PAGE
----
- Switch to a layup policy. Also known as a storage policy or comprehensive-only policy, some insurers let you buy minimal coverage if you plan to keep your car in storage and not drive at all for the next few months. Your insurer may require you to keep the car in storage at least 30 days. However, you can’t legally drive your car with a layup policy because it doesn’t hold liability insurance. Also, you may have to cancel your car’s registration with your state to avoid legal penalties and a registration suspension. This policy may not be allowed in every area, so contact your local DMV if you’re unsure.
How long are car insurance grace periods?
Most car insurance grace periods range from 10 to 20 days, although some states extended them up to 60 days during the coronavirus. This grace period gives you time to respond to an overdue payment before your car insurance company cancels your policy, which would lead to lapsed coverage.
The time period varies based on the insurance company and requirements in your state. You can typically find out your state’s grace period from the Department of Motor Vehicles or Department of Revenue website.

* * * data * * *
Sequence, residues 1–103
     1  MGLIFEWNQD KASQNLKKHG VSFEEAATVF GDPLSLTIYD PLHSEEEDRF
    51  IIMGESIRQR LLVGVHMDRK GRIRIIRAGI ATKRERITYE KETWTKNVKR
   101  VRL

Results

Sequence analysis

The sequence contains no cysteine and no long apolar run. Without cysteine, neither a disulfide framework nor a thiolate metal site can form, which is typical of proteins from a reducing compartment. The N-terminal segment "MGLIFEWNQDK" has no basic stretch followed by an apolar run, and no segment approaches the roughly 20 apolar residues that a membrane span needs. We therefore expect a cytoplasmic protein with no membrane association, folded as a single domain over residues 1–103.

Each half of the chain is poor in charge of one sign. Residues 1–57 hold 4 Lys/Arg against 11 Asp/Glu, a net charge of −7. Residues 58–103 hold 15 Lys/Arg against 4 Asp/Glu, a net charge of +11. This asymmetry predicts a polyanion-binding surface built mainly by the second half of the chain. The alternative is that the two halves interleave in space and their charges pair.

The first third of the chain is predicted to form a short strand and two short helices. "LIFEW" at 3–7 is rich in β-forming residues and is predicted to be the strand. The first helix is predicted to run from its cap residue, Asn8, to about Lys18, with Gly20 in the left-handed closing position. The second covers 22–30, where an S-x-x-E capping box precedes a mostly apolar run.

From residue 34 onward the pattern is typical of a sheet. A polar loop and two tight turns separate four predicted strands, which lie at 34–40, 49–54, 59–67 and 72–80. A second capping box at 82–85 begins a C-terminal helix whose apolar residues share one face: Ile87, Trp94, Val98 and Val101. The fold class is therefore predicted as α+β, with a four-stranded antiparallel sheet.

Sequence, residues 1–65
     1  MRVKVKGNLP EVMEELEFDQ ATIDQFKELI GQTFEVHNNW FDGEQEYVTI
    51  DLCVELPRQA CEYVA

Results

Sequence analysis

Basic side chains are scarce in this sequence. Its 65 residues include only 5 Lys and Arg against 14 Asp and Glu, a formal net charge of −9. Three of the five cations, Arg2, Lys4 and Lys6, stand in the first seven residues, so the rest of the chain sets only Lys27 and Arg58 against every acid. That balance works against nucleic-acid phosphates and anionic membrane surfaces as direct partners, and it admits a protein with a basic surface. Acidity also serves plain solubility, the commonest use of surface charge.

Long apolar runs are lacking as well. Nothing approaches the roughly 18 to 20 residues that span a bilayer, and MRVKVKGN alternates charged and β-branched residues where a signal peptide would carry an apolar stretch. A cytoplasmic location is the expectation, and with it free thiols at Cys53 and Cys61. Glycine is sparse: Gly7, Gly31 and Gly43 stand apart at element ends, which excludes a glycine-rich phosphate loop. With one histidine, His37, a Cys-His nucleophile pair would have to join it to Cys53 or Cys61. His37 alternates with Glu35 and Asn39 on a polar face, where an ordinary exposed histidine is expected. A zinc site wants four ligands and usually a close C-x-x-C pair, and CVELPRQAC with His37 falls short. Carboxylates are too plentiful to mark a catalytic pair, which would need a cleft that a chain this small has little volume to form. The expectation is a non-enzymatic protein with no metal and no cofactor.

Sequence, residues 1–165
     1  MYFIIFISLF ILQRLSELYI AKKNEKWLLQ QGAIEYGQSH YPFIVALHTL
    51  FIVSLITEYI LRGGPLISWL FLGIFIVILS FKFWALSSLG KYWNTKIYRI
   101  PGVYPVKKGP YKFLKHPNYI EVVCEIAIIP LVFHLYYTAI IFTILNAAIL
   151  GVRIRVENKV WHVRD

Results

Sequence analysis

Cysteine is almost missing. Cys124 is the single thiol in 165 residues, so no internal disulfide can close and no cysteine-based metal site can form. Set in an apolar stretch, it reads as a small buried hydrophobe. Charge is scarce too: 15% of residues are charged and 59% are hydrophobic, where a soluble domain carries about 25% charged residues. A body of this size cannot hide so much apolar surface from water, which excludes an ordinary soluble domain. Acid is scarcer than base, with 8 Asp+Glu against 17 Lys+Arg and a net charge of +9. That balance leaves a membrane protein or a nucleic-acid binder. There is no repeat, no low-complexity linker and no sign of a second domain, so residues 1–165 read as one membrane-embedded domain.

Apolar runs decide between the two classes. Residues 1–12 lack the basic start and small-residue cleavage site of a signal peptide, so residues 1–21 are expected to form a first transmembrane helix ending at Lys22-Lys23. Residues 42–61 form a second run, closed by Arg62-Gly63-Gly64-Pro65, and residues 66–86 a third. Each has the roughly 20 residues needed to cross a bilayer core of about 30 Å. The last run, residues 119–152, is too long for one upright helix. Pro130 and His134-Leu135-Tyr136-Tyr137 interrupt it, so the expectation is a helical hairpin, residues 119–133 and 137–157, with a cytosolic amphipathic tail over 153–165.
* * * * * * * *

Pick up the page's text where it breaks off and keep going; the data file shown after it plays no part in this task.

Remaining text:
What happens if I can’t pay my insurance premiums?
If you expect to miss a car insurance payment, contact your insurance company right away. Many companies understand the economic downturn that’s happening during the coronavirus outbreak. Your insurer may work with you on an extension or to make payments manageable.
What to expect if you miss payments:
- You’ll get notified. Your car insurance company is required to notify you about canceling your policy. You may get notice by mail or email, stating the date your policy will be canceled.
- You’re still covered during the grace period. The grace period starts after the payment due date and gives you several days to make a payment. You may get charged a late fee even if you pay before the grace period ends.
- You may get force-placed insurance. If you’re financing your car, your lender probably requires that you keep full coverage car insurance. Your lender can legally put a forced-placed policy in place for you, requiring you to pay a steep premium for low coverage.
- Your insurance company can deny coverage. If you miss too many payments without talking to your insurer, the company can cancel your policy. You might have to shop for a high-risk insurer if your old company won’t reinstate coverage afterward.
How do I reinstate my car insurance policy?
If your car insurance lapses, some insurance companies will make an exception to reinstate your coverage. Reinstatement means your insurer will activate your old policy and backdate it, so you won’t have a coverage lapse on record.
You’ll have a better chance of getting reinstated if you call your insurance company soon after your coverage lapses. You will need to make a payment to reinstate your coverage.
Switch car insurance online
Many companies nationwide are offering grace through payment extensions during the coronavirus outbreak, including car insurance companies. But if payments still cost more than you’d like, you could switch car insurance policies if you can find a better rate elsewhere.